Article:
The Siljan Meteorite Crater in central Sweden – an integral of the Swedish Deep Drilling Program (SDDP)
2012 (English)Conference paper, Presentation (Other academic)
New drill cores from the largest known impactstructure in Europe, the Siljan crater, provide superbpossibilities to reconstruct Early Palaeozoic marineenvironments and ecosystems, and to document changes insedimentary facies, sea-level and palaeoclimate. Themeteorite crater is a major target of the project ConcentricImpact Structures in the Palaeozoic (CISP) in theframework of the Swedish Deep Drilling Program.Studies of Ordovician and Silurian strata in the SiljanDistrict have a long tradition and many scientific papersdeal with the geology of the area. The Palaeozoicsuccession starts with the Tremadocian Obolusconglomerate, the youngest pre-Caledonian strata areMiddle Silurian shales of the Nederberga Formation.However, exposures are limited, there are few continoussections, and the Early Palaeozoic sedimentary rocksresting on the Precambrian basement are incompletelyinvestigated.Detailed sedimentological and biostratigraphicalstudies of the cores and the Nittsjö trench together withanalysis of the carbon isotope chemostratigraphy will allowintra- and intercontinental correlations and the dating ofCaledonian movements. Our preliminary studies show thatdifferent and yet undefined facies belts are preserved in theSiljan District. The recent findings of palaeokarst in thearea together with similar new findings in other parts ofBaltoscandia reflect times of subaerial exposure of thebasin regionally and challange the idea that theBaltoscandian basin was a deep and tranquil depositionalenvironment.Our preliminary data provide a first base forreinterpretations of this part of Sweden, previouslyregarded as representing a stable cratonic area unaffectedby the Caledonian collision between Baltica and Laurentia.The erosional unconformity and the substantial hiatusbetween Middle Ordovician limestones and late EarlySilurian shales in the western part of the crater suggests anextended period of uplift and erosion presumably related toflexural forebulge migration toward the east due to tectonicloading by the Caledonian nappes to the west. The Lowerto Middle Ordovician carbonate succession is only about21 m thick, with a sharp flooding surface on top of theMid-Ordovician Holen Formation. The overlyingsiliciclastic succession (Upper Llandovery, based ongraptolite data) comprises a minimum thickness of about224 m. The sudden deepening after the eastward migrationof the forebulge is indicated by rapid deposition of shalesand shale/mudstones displaying unstable conditionsexpressed by megaslumps, debris flows, turbidites andseveral synsedimentary tectonic features. The intercalationof a sandstone unit reflects a strong regression in this shalebasin followed by rapid transgression and deposition ofdark, organic-rich shale and mudstone.In contrast to this development, a classicalOrdovician/Silurian carbonate/shale succession, well103 IODP/ICDP Kolloquium Kiel, 07. – 09.03.2012Figure 6: Bathymetry map of Lake Ohrid. Proposed sites aremarked by the red dots.Figure 5: Multichannel seismic line crossing the DEEP-Site inthe central basin of Lake Ohrid.known from other parts of Sweden, formed in the northern(Skattungbyn-Kallholn), northeastern (Furudal), andsoutheastern part (Boda) of the Siljan District. Detailedsampling of the cores for stable isotopes, thermal maturity,geochemistry, sediment provenance, facies and microfaciesstudies in the autumn of 2011 now helps in solvingregional problems as well as stratigraphical andpalaeogeographical questions.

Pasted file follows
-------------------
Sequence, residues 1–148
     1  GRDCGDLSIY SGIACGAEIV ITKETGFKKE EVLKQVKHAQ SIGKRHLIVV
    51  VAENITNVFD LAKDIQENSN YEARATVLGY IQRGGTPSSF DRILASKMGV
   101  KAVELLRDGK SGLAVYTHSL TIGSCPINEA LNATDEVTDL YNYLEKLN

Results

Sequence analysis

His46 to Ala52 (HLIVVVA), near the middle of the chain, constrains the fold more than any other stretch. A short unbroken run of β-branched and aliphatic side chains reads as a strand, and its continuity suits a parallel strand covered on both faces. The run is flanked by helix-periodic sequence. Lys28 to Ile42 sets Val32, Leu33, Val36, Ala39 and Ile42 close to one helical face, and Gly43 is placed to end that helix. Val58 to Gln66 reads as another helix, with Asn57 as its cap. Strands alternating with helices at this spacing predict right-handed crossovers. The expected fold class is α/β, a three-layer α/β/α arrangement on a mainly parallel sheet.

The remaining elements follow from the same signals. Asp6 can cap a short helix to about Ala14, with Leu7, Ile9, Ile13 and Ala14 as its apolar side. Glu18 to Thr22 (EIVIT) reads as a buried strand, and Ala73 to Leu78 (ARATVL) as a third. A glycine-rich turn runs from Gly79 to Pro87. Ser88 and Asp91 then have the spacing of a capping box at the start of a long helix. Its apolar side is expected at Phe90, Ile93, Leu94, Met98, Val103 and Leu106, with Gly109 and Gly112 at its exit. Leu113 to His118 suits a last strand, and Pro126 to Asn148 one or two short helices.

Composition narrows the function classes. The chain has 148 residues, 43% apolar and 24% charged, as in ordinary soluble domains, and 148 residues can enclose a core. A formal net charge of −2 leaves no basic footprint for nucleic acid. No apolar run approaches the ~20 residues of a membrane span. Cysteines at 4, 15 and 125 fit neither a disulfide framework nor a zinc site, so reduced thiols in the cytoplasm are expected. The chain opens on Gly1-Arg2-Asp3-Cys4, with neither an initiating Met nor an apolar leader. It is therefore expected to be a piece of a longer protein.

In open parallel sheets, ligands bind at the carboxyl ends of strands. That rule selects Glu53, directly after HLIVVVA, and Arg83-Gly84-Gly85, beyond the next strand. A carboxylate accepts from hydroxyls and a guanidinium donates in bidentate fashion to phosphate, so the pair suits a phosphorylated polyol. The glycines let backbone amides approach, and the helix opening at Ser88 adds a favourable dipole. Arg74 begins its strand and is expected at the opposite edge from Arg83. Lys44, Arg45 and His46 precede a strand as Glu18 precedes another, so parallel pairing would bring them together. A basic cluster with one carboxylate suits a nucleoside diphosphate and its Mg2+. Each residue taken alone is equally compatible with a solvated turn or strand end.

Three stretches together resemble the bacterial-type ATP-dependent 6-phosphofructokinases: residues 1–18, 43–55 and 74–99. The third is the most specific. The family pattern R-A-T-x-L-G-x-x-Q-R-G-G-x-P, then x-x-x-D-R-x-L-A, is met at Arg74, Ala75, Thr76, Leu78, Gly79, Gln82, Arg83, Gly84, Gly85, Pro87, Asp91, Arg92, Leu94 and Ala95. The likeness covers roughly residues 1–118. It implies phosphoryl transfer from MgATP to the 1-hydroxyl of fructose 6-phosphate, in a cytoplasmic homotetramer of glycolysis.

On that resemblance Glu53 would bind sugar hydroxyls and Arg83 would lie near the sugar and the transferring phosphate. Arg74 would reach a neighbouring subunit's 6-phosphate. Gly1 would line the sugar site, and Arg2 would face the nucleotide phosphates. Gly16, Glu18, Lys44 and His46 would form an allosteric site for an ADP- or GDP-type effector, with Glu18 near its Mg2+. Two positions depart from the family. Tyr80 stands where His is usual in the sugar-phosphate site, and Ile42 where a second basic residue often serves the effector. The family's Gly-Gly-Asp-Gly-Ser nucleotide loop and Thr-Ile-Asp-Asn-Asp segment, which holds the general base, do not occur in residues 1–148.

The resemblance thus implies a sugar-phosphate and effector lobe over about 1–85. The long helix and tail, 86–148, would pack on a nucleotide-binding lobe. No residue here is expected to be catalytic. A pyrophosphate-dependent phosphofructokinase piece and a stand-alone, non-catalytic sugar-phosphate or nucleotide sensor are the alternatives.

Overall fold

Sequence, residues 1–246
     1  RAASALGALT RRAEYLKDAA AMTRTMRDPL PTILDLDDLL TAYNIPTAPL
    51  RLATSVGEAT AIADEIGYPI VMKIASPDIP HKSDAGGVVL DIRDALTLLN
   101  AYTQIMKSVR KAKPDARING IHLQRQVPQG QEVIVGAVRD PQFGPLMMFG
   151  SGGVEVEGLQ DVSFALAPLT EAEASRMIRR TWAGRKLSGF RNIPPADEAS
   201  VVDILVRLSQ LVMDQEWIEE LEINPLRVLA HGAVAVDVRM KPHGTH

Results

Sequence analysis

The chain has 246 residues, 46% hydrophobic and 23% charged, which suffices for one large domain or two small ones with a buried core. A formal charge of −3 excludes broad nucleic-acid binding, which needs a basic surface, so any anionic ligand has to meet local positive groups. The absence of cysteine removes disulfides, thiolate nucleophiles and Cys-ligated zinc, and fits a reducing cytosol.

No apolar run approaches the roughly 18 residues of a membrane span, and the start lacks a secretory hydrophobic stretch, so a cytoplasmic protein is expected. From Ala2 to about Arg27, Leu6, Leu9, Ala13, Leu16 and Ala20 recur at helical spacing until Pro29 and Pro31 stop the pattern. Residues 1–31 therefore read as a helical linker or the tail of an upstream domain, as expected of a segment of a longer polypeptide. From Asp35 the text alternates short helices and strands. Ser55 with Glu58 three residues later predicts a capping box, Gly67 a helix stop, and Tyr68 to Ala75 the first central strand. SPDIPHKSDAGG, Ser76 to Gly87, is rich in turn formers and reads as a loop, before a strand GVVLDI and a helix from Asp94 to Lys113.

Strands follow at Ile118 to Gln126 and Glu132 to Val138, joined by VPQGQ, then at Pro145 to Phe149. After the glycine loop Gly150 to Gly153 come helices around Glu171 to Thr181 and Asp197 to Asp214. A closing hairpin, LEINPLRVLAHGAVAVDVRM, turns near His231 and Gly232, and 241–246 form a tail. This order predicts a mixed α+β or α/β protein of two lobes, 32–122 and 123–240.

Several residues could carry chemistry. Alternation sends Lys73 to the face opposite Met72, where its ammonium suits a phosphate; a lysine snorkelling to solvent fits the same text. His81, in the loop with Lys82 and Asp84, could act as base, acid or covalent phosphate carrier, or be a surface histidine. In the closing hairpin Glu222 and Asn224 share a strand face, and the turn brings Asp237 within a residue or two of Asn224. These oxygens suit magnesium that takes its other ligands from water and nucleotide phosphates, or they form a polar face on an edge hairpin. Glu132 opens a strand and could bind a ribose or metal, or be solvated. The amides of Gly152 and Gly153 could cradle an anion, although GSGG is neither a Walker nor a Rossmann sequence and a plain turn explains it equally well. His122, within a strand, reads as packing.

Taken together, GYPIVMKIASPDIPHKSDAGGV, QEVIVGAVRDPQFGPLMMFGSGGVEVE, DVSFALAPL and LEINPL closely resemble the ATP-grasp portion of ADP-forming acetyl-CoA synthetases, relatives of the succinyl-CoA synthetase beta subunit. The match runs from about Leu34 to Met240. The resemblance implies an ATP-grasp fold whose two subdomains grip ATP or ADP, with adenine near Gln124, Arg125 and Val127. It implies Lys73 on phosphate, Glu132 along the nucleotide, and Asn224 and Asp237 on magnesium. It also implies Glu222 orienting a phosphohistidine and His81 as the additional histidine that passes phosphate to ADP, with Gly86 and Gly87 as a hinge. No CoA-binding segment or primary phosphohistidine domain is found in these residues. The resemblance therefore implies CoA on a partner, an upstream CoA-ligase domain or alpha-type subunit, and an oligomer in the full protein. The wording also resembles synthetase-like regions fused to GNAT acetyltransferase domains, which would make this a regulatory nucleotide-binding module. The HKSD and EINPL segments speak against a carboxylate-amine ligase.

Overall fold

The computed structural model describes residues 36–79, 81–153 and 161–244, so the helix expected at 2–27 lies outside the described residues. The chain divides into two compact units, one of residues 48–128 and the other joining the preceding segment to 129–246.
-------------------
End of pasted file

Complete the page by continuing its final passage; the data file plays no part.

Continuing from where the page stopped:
Place, publisher, year, edition, pages
2012. 102- p.
Research subject Historical Geology and Paleontology
IdentifiersURN: urn:nbn:se:uu:diva-180399OAI: oai:DiVA.org:uu-180399DiVA: diva2:550015
IODP/ICDP meeting, Kiel, 7-9 March 2012
ProjectsCISP - Concentric Impact Structures of the Palaeozoic
FunderSwedish Research Council, 90449201